Redvers Buller was sent with the Royal Irish Regiment and the West Kents to take command of the Desert Column. He left Korti on January 29, 1885, and though ordered to attack and take Metemma, he decided his force was too small and began withdrawing them. An earlier attack on the Madhist town by Wilson had failed. In the meantime Buller had left the West Kents to guard the wells on the route back and six companies of the Royal Irish joined the Desert Column at Gubat (Royle, II, p. 307). The Light Camel Corps arrived at Abu Klea on the 20th of February and Sir Evelyn Wood and three companies of the West Kents arrived at Gakdul on the 17th. The Desert Column withdrew from the Sudan on foot, even the 19th Hussars, who had only a few horses left.



Contrary to the portrayal in the movie "Khartoum", the Camel Corps never used their camels for cover! Nor, as some wargamers might be tempted to do, did they ever fight mounted as cavalry. From the beginning they were conceived of as a mounted infantry force, and fought as mounted infantry.

In a memorandum dated 27th October, 1884 and signed by Redvers Buller, the following guidelines were issued:

"The soldiers of the Camel Regiments will fight only on foot. They are mounted on camels only to enable them to make long marches. The camel is a good traveller; but he is a slow mover.

He cannot be managed as easily as a horse, and he cannot be mounted, or dismounted From, with great rapidity. The men of the Camel Corps must therefore trust dolely to themselves and their weapons when once they have dismounted, This cannot be too strongly impressed upon the men. If we have to fight in the Sudan, we must expect to meet an enemy far outnumbering us, and who may at first charge recklessly home, apparently regardless of the intense fire we bring to bear upon him.

...The attack formation far infantry of our Drill Book is not intended to be employed against an enemy like the Arabs of the Sudan, It is designed to enable infantry to advance with the least possible lost over ground swept by a heavy fire from guns and rifles of an enemy as well armed and disciplined as ourselves, against whom an advance in close order would be impossible.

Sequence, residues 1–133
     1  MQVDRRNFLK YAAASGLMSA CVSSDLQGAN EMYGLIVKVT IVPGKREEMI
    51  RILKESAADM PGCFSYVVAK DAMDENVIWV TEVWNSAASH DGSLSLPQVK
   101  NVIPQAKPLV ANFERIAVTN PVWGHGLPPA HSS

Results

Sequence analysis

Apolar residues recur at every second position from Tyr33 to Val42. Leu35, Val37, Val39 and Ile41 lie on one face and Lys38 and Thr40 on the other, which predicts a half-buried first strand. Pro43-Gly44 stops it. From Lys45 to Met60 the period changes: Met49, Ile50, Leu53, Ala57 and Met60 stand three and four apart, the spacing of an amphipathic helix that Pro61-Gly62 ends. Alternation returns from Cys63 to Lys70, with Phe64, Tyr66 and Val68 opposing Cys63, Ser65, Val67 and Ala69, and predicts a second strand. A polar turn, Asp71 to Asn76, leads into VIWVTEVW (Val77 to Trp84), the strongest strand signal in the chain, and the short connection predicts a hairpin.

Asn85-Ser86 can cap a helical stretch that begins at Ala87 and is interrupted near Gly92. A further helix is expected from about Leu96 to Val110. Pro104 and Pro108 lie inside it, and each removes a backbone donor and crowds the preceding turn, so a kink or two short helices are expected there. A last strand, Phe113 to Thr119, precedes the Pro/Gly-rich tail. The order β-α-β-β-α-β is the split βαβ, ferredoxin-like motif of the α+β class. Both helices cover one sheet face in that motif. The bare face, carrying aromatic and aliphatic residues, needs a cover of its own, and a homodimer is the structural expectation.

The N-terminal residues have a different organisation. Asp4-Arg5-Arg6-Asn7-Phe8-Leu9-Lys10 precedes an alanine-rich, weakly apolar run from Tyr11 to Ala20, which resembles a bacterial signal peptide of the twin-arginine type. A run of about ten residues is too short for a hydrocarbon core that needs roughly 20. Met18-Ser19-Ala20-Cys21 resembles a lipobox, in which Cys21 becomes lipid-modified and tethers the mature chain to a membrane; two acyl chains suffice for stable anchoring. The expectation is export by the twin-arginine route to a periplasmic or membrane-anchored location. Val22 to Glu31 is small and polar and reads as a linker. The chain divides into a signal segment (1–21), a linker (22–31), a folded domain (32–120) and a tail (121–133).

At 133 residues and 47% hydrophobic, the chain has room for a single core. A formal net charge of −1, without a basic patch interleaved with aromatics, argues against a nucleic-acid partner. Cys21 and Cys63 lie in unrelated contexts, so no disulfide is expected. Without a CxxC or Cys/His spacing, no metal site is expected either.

In acting against Arabs who are Indifferently armed and bad shots, the open formation of the grill Book is not necessary." (Colville, II, p.240).

When under attack the Camel Corps dismounted and lashed its camels' knees together, thus eliminating the need to keep "horse-holders" back per regular mounted infantry. The camels were placed In "a compact formation under guard" (see below) and the main force would march away to battle so as to keep the camels From being brought under fire.(Colville, V.I., p. 102).

At Abu Kru, however, the Column Has caught unaware and had to hastily construct a zariba of boxes and saddles keeping the camels inside of the square itself.

The Royal Engineers were brought along to help construct earthworks like the stone forts surrounding the wells at Gakdule, as well as to work the pumps used to bring the water out of the wells. Occasionally they built smaller squares for the camels or wounded away from the main square, and often times the Naval Brigade's Gardner gun was placed in these smaller squares.

At Abu Klea the Column made the mistake of sending out skirmishers to cover the square, The Mahdists advanced so fast, and the square had to hold fire until the skirmishers got into the square, that only a few volleys were fired before the Mahdists engaged the British in hand-to-hand fighting. The cavalry was reserved for scouting. The guns were usually put in the corners of the square, or placed in smaller fortified zaribas outside of the main square.



The official order concerning equipment for the Corps, issued on 4 August, 1884, included the following: waist kit, bandolier of 50 rounds, rifle, sword bayonet and scabbard, water bottle, and haversack.

The uniform was as follows: White helmet with white pagri, grey frock, yellow-ochre cord breeches, blue puttees, and boots. A glengary was carried in the zulleetah (saddle bag). (Colville, V. I, p. 239). Though spurs were issued they were never used.

There were, however, variations to the uniforms, the Guards and Heavies came over on the saw boat and to distinguish each unit they sewed the initials of their regiments on the right arm of their jackets. Red cloth was used and some examples are RHG (Royal horse Guards - The Blues), 5L (5th Lancers) or 1GG (1st Grenadier Guards). In the last case the number was sewn above the letters "GG".

Even before marching off to the Sudan the Guards dyed their helmets coffee color and used brown leather belts. the exception to this was the contingent of RMLI who arrived in camp in "spotless" white helmet, kits and pouches (Gleichen, p. 61). Though described by Gleichen as wearing regulation grey, Reynolds states that the RHLI of the Camel Corps wore khaki jackets and Bedford cord breeches (Reynolds, V. 35, p. 390). The confusion may be due to the fact that the actual color of what war officially designated "khaki" was closer to grey than it later became. One Marine officer insisted on wearing his red coat and was later wounded by Mahdist rifle fire (Gleichen, p. 174).

It is not clear when a tan khaki began to be worn. One picture of the Battle of Abu Klea by Y.D. Wollen in the National Army Museum in Chelsea shows soldiers in an all khaki uniform with dark blue puttee, they also are wearing a khaki pagri with red stripes crossing it diagonally all the way around. A black and white picture in Marling shows Marling in what appears to be an all khaki uniform (photo opposite p. 132, Marling).